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Font Primer

This version was saved 16 years, 2 months ago View current version     Page history
Saved by Laurie
on February 3, 2008 at 8:22:49 pm
 

Terminology (these definitions apply to your computing environment):

 

  • A font can be defined as "A design for a set of characters." A font is the combination of typeface and other qualities, such as size, pitch, and spacing. For example, Times Roman is a typeface that defines the shape of each character. Within Times Roman, however, there are many fonts to choose from - different sizes, italic, bold, and so on. The term font is usually used (incorrectly) as a synonym for typeface -- more about fonts and typefaces here.

     

     

  • A character set can be defined as "The entire complement of alphanumeric and other symbols contained in a given font." (reference)

     

    Another way to look at it is that the typeface/font you choose determines what specific characters look like, e.g., the design, the version (Regular, Bold, etc), but the character set you choose determines what characters are available to you. While most character sets have the letters and numbers we are used to, some include those funny IPA characters we want to make, and some do not - and some character sets only include a subset of the whole IPA character set, so you'll want to be careful about what character set you use!

     

    Here are some common character sets, along with their limitations and uses. An excellent, more complete list is available here.

     

     

    LATIN-1 through LATIN-10: Pretty much the characters you see on the keyboard in countries that speak Indo-European languages. Note that Latin includes characters with diacritics that are used in French, German, etc., even though those are not standard on the keyboard in all places where Indo-European langages are spoken.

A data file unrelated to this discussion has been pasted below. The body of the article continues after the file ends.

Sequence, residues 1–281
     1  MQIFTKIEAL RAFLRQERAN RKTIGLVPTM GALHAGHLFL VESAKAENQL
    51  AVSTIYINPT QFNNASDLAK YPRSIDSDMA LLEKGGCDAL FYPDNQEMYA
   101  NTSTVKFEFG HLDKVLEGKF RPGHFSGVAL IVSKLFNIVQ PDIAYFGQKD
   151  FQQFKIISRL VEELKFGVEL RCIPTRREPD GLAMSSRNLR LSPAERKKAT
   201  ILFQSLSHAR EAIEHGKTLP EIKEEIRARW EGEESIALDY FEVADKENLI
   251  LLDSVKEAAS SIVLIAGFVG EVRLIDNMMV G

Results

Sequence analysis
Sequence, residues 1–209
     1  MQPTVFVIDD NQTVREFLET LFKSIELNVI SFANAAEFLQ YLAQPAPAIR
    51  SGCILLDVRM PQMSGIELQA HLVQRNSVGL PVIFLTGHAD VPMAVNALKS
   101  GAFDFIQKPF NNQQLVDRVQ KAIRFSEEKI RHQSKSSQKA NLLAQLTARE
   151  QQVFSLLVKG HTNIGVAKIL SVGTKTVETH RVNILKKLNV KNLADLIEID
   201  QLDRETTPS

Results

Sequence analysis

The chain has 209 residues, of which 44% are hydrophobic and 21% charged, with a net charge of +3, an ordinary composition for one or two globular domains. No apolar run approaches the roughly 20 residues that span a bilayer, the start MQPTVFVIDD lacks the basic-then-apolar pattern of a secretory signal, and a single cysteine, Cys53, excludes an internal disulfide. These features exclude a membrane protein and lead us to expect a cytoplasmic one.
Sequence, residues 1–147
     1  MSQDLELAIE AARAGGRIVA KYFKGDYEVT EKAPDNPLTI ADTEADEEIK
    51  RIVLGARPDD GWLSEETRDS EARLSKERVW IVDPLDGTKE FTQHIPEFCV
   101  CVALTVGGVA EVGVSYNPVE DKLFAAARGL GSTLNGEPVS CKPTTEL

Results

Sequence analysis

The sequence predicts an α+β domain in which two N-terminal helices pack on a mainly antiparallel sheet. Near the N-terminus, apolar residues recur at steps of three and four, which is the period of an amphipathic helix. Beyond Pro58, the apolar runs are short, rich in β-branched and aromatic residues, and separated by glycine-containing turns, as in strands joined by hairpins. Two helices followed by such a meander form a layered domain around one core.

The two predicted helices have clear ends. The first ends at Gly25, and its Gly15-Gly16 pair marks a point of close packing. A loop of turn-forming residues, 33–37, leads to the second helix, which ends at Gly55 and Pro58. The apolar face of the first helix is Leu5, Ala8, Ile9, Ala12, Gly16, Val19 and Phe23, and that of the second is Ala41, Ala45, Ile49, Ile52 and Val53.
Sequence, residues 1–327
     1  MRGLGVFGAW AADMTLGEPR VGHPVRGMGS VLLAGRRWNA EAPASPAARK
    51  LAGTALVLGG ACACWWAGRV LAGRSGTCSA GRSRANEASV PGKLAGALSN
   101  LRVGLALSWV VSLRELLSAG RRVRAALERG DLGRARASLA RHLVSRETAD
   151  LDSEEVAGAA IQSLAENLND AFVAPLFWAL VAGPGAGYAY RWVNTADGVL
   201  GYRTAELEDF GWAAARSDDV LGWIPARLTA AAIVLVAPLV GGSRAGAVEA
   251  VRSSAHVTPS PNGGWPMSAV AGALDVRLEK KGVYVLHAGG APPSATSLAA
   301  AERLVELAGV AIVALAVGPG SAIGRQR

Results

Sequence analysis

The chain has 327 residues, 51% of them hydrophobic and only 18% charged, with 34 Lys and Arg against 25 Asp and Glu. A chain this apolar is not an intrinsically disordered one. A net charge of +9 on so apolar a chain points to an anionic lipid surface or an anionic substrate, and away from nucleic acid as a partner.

LATIN-1 SUPPLEMENT - Includes characters for additional Indo-European languages beyond Germanic and Romance languages.

    LATIN EXTENDED - A and B - Even more characters for Indo-European languages, including some that we think of as IPA.

    IPA EXTENSIONS - These are your basic IPA set, but includes only those IPA characters beyond the characters already included in the above character sets.

    SPACING MODIFIER LETTERS - A lot of characters that we use occasionally in IPA. Characters in this set are "spacing" characters, that is, they occupy space on the line the same as regular characters (see COMBINING DIACRITICAL MARKS below for the contrast).

    COMBINING DIACRITICAL MARKS - These are diacriticals that do not occupy a space on the line. Here is where you will find characters like the diacritics for voiceless, dental, syllabic, and so on. When you type one of these characters it places the diacritic on top of the preceding character. This set is one that is essential for linguists.

     

    There are lots of other character sets (e.g., specific character sets for specific languages), but the above are what linguists writing in most European languages will need.

     

     

     

Choosing a Character Set:

 

This is how you do it on your computer:

(more info needed here)

 

 

 

 

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